How to take a screenshot from the command line on Linux

There are various flavors of Linux screenshot utilities, including desktop-specific screenshot programs (e.g., KSnapshot for KDE, gnome-screenshot for GNOME, Screenshooter for Xfce), or general screenshot utilities (e.g., Shutter). One of unique screenshot utilities is Scrot (short for "SCReen shOT"), which is a command-line screenshot utility. While its interface is minimalistic, Scrot is, feature-wise, as powerful as other dedicated GUI-based screen capture tools. For example, Scrot supports delayed screenshot, adjustable quality/size, command line pipelining, etc. If you are one of those command line junkies, Scrot is a useful tool to add to your arsenal. In this tutorial, I will describe how to take a screenshot from the command line with Scrot.

Install Scrot on Linux

To install Scrot on Debian, Ubuntu or Linux Mint:

$ sudo apt-get install scrot

To install Scrot on Fedora:

$ sudo yum install scrot

To install Scrot on CentOS, you can build it from its source as follows.

First enable Repoforge on CentOS, and use the following commands.

$ sudo yum install giblib-devel
$ wget
$ tar xvfvz scrot-0.8.tar.gz
$ cd scrot-0.8
$ ./configure
$ make
$ sudo make install

Take Screenshots with Scrot

In the rest of the tutorial, I will describe how to use Scrot to take screenshots in various ways.

1. Take a screenshot of the entire desktop

Screen-capturing the entire desktop is easy. Simply run Scrot command without any argument, and it will save a screenshot of the entire desktop as a (date-stamped) .png file in the current directory.

$ scrot

You can also specify a destination folder and image file name.

$ scrot ~/Pictures/my_desktop.png

2. Take a screenshot of a particular window or a rectangular region

Scrot allows you to choose a specific window or define a rectangular region in your desktop to take a screenshot of. For that, use the following command.

$ scrot -s

After running this command, go ahead and click on any window or draw a rectangle with your mouse, which will trigger screen capture of the selected window/region.

Sometimes the chosen region or window may be partially blocked by other windows of the desktop. In that case, you need some time to clear the area before taking a shot. That is when "delayed" screenshot can help you, as described next.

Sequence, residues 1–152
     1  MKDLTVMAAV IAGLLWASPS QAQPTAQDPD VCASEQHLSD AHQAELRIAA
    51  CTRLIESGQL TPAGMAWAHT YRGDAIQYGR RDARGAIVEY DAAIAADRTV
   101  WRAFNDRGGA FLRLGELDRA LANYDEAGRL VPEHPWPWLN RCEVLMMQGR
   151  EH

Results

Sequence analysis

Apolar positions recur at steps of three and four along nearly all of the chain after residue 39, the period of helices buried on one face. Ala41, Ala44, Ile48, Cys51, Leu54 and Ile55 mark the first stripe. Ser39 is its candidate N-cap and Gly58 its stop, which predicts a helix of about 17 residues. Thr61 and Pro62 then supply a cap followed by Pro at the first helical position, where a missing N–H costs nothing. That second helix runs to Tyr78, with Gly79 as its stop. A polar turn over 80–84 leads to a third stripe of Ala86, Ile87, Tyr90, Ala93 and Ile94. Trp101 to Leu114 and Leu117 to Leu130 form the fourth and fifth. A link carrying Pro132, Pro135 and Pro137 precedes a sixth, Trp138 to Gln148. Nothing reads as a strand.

3. Take a delayed screenshot

Delayed capture can be useful under various circumstances. Right before taking a shot, you may want to move windows around, activate a menu, or trigger a certain event (e.g., notification), etc. With "-d N" option, we can delay a screenshot process by N seconds.

$ scrot -s -d 5

4. Adjust quality of a screenshot

You can adjust the image quality of a screenshot in the range of 1 to 100 (the higher the better quality). Default quality is 75.

$ scrot -q 50

5. Adjust the size of a screenshot

You can adjust the size of a screenshot in the range of 1 to 100 (the higher the bigger). To reduce screenshot size to 10% of the original:

$ scrot -t 10

6. Pipeline a captured screenshot to another command

Scrot allows you to send a saved screenshot image to any arbitrary command as an input. This option can be useful when you want to do any post-processing on a screenshot image. The filename/path of a screenshot is stored as "$f" string.

$ scrot -e 'mv $f ~/screenshots'

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Dan Nanni is the founder and also a regular contributor of He is a Linux/FOSS enthusiast who loves to get his hands dirty with his Linux box. He likes to procrastinate when he is supposed to be busy and productive. When he is otherwise free, he likes to watch movies and shop for the coolest gadgets.

2 thoughts on “How to take a screenshot from the command line on Linux

  1. Hi,
    Thanks for a good job.
    But, there is the "old good" tool in X-Window utilities, namely: xwd
    No need to install something more, command line and some options (window, whole screen, ...).
    Worth attention.
    Bye :-)

  2. Hi,
    how can I save file name on a variable after taking screenshot with scrot?
    here is my code but it's not working:
    scrot /var/www/html/pdesk/screenshots/'sc-%d_%m_%Y_%H_%M_%S.jpg' -u -d 1 -q 50 -e 'fnm=$f'
    echo $fnm #it print blank
    scrot /var/www/html/pdesk/screenshots/'sc-%d_%m_%Y_%H_%M_%S.jpg' -u -d 1 -q 50 -e "fnm2=$f"
    echo $fnm2 #it also print blank

    can you please help me save file name in a variable?


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